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Wednesday, September 19, 2018

Reprinted with permission from ProPublica.

 

 

Kushner Companies Loses a Key Motion in Class Action Filed by Baltimore Tenants

A Maryland judge is allowing a class action lawsuit against Jared Kushner’s family real estate company to proceed, in a ruling that denies most of the company’s arguments to dismiss the case over its treatment of tenants at large apartment complexes in the Baltimore area.

The lawsuit, filed last September in the Circuit Court for Baltimore City, alleges that the Kushner Companies’ real estate management arm, Westminster Management, has been improperly inflating payments owed by tenants by charging them late fees that are often baseless and in excess of state laws limiting them to 5 percent of rent. The suit also claims that Westminster was making some tenants pay so-called court fees that are not actually approved by any court. The suit alleges that the late fees and court fees set in motion a vicious churning cycle in which rent payments are partly put toward the fees instead of the actual rent owed, thus deeming the tenant once again “late” on his or her rent payment, leading to yet more late fees and court fees. Tenants are pressured to pay the snowballing bills with immediate threat of eviction, the suit alleges.

The lawsuit followed a May 2017 article co-published by ProPublica and The New York Times Magazine that described the highly aggressive legal tactics used by Kushner Companies to pursue tenants and former tenants at 15 apartment complexes in the Baltimore area.

The company’s motion to dismiss the lawsuit was heard on Wednesday by Barry Williams, the same judge who presided over the cases against the six police officers involved in the arrest and transport of Freddie Gray, the 25-year-old Baltimore man who suffered fatal injuries after being taken into custody in 2015. None of the six officers was convicted.

In his ruling, Williams denied the bulk of the company’s motion to dismiss the case, including its argument that too much time had passed since the events the suit described. Williams also rejected for now, deeming it premature, the company’s argument that each tenant’s situation is too unique for the group to constitute a single class.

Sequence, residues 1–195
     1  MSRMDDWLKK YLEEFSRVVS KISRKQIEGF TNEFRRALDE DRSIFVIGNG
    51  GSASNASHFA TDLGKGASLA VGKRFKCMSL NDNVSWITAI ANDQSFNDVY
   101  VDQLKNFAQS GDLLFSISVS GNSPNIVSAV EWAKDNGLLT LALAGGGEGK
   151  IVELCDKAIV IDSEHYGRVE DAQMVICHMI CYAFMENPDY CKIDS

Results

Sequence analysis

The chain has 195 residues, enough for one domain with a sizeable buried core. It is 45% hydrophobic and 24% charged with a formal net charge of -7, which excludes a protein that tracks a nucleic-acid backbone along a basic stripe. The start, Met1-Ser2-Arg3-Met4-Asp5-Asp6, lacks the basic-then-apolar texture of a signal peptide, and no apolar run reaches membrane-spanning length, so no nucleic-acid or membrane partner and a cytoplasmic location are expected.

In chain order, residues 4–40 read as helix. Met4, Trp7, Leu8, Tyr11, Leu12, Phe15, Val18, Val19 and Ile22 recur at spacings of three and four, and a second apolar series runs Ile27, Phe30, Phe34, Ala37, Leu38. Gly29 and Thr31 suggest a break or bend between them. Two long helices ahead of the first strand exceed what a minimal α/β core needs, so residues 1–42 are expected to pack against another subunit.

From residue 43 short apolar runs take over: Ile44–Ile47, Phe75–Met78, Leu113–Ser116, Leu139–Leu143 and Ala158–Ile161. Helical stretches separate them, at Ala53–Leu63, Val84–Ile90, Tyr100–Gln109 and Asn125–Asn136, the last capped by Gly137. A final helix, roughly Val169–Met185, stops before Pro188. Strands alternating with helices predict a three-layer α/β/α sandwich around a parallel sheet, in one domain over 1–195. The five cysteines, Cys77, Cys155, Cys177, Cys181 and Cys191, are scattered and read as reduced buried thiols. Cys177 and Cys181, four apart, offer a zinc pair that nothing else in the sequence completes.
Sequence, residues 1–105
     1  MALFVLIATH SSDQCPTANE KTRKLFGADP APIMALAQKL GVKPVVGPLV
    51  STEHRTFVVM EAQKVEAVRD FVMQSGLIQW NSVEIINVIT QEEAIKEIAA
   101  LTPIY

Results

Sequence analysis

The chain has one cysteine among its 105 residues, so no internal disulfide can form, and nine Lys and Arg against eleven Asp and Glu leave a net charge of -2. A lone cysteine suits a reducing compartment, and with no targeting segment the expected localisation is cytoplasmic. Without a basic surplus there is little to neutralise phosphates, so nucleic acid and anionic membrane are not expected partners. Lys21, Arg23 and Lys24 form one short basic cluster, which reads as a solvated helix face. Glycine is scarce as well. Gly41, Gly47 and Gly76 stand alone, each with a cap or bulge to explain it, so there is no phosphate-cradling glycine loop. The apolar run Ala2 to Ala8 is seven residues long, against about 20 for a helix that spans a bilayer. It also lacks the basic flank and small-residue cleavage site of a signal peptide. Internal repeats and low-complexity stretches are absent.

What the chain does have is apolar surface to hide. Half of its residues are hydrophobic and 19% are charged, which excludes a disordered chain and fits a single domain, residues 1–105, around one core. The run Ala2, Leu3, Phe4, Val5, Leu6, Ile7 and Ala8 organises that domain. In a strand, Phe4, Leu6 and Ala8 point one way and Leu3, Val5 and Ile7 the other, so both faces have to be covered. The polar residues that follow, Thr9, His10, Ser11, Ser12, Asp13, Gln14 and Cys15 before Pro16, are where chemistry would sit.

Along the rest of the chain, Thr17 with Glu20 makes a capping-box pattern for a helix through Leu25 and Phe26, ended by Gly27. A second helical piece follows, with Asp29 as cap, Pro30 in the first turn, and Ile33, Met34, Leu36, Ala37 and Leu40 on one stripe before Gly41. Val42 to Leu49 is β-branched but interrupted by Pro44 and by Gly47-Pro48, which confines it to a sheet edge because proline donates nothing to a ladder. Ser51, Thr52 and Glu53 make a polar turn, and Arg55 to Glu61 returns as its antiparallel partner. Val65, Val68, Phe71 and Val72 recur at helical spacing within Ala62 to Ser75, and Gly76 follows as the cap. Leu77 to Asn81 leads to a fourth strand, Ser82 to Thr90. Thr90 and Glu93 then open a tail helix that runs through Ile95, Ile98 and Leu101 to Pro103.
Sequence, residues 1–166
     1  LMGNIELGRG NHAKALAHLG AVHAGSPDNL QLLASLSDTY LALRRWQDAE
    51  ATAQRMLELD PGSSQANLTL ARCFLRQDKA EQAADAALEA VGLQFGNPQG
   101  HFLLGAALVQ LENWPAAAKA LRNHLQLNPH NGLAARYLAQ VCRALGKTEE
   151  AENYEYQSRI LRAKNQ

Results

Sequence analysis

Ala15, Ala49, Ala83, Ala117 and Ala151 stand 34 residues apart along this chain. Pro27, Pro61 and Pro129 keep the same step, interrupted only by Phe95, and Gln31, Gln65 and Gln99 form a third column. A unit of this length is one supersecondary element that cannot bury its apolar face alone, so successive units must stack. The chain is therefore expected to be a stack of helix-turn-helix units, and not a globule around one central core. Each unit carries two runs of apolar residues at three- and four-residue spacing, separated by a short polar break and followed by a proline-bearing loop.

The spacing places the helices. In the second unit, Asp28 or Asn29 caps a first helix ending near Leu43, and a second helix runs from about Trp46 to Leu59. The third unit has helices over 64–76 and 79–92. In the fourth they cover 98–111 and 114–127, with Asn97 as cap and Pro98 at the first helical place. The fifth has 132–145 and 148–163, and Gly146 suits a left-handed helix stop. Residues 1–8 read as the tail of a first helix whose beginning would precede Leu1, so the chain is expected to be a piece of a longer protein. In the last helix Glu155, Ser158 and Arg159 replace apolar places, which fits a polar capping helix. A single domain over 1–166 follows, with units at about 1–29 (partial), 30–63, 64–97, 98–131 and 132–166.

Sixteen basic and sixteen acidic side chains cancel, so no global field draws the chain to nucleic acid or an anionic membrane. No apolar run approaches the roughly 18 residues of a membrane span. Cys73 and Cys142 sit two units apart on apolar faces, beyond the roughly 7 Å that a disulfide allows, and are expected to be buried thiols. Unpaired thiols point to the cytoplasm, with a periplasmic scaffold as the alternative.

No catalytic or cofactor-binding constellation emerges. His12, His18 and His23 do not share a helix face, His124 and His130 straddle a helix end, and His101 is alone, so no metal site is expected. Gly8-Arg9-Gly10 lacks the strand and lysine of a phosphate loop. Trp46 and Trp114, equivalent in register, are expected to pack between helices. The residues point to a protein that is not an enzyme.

Williams did grant a couple of points in the company’s motion. Most notably, he granted the company’s motion to dismiss the count of the lawsuit alleging that the company’s treatment of tenants represented a breach of contract.

Andrew Freeman, a lawyer representing the tenants, said dismissing the breach of contract count had little practical effect, given that this count provided no damages beyond what the tenants would recover under the separate claim that the company’s late fees exceeded state limits.

Freeman cheered the ruling overall. “We are very pleased that Judge Williams recognized that plaintiffs have a claim for a violation of Maryland’s laws that protect tenants from excessive late fees and forbid landlords from threatening tenants with eviction for those not paying those fees, and that he refused to dismiss our class action allegations,” he said. “We look forward to proceeding with the case on behalf of the many hundreds, if not thousands, of Westminster Management’s tenants who have been victimized by those illegal fees.”

Michael Blumenfeld, a lawyer representing the Kushner Companies, said the company was pleased that Williams had limited the lawsuit on a few points, and indicated that the company still plans to challenge the assertion that the tenants make up a single class. “Kushner Companies looks forward to presenting these issues to the court soon,” he said. The company declined to comment on the merits of the lawsuit at the time it was filed, but did respond to questions about its tactics for the May 2017 article, saying that its approach to pursuing tenants was in line with industry practices and that it had a fiduciary duty to its partners to collect all money owed by current and former tenants.

The lawsuit now moves to the discovery stage. A hearing on the tenants’ claim to class certification could happen as soon as September.

In November, Kushner Companies and related corporate entities named in the suit sought to have the case transferred from state court to federal court, which would spare the company from having to face a jury drawn only from Baltimore. To prevail on such grounds, the company had to show that none of its ownership partners were Maryland residents. The company requested that its list of partners be sealed from view, citing the “politically-motivated innuendo” that could result from the high degree of media interest in Jared Kushner, President Donald Trump’s son-in-law and senior White House adviser, who has recused himself from a role in the family companies.

The request to shield the partners’ identities was challenged by ProPublica, the Baltimore Sun, the Washington Post, the Associated Press, and Baltimore TV station WMAR-TV. In January, a federal judge ruled against the request to seal the partners’ identities. As a result, the company opted to keep the case in state court after all.

Kushner Companies is also facing a separate lawsuit filed this month by tenants in New York, alleging a whole other set of behaviors in that much different real estate market: that it used harassing tactics to drive them out of their apartments in order to charge higher rent. The company has called that suit “totally without merit.”

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